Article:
Published January 13, 2015
A Wyoming rancher with no connection to the University of Pittsburgh has given the school 4,700 acres of land littered with dinosaur fossils.
The university plans to maintain the land, valued at $7 million, for students and researchers in geology, archaeology and other disciplines. The university plans to team up on programs there with the University of Wyoming and Pittsburgh's Carnegie Museum of Natural History.
"They have a real gem out there," said Mary Dawson, a paleontologist at the Carnegie Museum who visited the ranch several years ago. The land is "littered with fossils."
Allen Cook of Wheatland, Wyo., said he was getting ready to sell part of his ranch and decided to donate land to the university after an appraiser put him in touch with Alec Stewart, dean of the university's honors college and the appraiser's graduate school classmate.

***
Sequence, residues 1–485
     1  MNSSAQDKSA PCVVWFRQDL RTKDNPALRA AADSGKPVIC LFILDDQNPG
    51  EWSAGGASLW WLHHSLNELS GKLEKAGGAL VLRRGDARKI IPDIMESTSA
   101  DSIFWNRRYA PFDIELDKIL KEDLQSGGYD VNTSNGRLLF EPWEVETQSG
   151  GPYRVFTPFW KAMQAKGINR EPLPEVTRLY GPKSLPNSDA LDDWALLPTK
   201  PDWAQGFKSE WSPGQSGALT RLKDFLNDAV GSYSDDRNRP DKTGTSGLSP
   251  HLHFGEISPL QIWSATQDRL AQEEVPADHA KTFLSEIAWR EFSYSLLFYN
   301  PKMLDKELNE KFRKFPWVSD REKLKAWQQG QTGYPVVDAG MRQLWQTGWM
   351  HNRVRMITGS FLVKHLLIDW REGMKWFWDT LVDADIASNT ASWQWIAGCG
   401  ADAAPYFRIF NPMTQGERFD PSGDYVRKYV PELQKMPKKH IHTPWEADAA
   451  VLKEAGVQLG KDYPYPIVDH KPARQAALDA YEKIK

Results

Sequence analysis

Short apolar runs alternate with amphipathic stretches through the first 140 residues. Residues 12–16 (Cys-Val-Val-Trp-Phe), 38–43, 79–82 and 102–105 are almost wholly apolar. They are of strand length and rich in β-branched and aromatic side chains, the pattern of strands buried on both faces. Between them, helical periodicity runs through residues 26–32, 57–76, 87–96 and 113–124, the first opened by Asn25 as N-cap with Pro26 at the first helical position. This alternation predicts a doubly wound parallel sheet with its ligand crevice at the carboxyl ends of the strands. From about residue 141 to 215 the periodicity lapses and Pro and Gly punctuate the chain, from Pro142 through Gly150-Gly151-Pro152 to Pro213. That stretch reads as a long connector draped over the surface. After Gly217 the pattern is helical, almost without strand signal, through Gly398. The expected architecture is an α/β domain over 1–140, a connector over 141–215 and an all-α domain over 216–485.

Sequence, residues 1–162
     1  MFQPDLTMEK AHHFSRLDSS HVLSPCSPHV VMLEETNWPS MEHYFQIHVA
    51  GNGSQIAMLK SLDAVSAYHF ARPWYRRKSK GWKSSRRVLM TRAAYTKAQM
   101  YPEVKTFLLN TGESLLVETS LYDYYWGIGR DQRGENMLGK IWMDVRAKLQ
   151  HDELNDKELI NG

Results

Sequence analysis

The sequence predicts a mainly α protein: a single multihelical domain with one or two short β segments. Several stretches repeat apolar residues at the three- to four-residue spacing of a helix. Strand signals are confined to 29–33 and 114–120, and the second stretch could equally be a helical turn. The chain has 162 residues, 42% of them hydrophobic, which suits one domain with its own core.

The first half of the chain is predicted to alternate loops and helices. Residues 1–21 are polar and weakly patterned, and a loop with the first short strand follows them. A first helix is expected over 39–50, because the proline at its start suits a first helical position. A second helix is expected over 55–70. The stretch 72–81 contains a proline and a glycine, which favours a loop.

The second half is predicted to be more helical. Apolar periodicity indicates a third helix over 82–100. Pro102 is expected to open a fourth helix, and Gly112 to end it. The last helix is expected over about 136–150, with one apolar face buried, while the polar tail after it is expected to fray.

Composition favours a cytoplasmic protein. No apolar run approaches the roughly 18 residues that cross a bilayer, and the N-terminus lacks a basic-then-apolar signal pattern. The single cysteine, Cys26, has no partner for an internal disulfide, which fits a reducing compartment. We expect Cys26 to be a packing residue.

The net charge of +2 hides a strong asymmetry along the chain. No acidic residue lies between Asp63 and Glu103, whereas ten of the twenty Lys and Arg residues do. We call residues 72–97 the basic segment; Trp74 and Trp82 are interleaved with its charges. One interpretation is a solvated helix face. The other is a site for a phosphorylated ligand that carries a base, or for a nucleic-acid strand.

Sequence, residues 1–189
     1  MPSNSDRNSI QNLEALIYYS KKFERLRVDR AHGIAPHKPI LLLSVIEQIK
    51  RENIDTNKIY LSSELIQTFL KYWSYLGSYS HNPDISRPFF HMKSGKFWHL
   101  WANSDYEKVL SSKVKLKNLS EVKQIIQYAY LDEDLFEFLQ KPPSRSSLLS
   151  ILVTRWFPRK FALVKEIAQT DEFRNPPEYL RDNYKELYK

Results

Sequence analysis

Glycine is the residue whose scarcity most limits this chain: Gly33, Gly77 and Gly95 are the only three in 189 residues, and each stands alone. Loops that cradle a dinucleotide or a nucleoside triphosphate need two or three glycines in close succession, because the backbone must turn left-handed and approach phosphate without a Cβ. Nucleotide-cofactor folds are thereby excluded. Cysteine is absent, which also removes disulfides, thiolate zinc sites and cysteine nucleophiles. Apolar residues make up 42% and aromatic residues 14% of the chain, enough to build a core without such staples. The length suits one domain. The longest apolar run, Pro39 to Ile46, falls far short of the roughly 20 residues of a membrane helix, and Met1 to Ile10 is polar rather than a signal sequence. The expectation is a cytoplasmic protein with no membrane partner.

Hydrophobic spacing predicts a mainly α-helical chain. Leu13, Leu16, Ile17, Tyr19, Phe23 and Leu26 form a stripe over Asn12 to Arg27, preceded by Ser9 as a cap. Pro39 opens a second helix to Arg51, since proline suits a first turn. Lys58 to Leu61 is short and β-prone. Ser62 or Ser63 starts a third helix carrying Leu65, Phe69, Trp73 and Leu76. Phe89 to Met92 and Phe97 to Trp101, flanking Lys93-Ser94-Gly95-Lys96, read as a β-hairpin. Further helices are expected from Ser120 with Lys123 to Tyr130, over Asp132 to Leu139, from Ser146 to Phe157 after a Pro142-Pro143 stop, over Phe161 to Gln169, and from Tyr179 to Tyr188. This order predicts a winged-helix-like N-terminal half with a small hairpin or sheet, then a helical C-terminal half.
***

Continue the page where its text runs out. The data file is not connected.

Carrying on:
"The amazing thing is that Cook, who had absolutely no connection with the University of Pittsburgh, had decided that we would be good stewards for this treasure," Stewart said Tuesday.
The 57-year-old rancher said the university's interest "seemed kind of in line with what I'd like — that the land would be preserved."
Cook bought the ranch about 40 miles north of Laramie in the 1980s and said it had long been grazing land. He still owns about 92,000 acres.
Stewart called Cook "a quintessential Westerner, a straight-talker whose handshake means a lot to him. But he also loves his land."
The university's honors college already has a program on the other side of Wyoming, where students explore the geological, ecological and cultural dimensions of Yellowstone National Park.
Stewart has been out to scout the property, which is five times as large as New York City's Central Park.
He called it an "American treasure," noting that it is largely undisturbed and contains fossils, Indian artifacts and interesting geological features.
"It's got all the 'ologies,'" Cook said.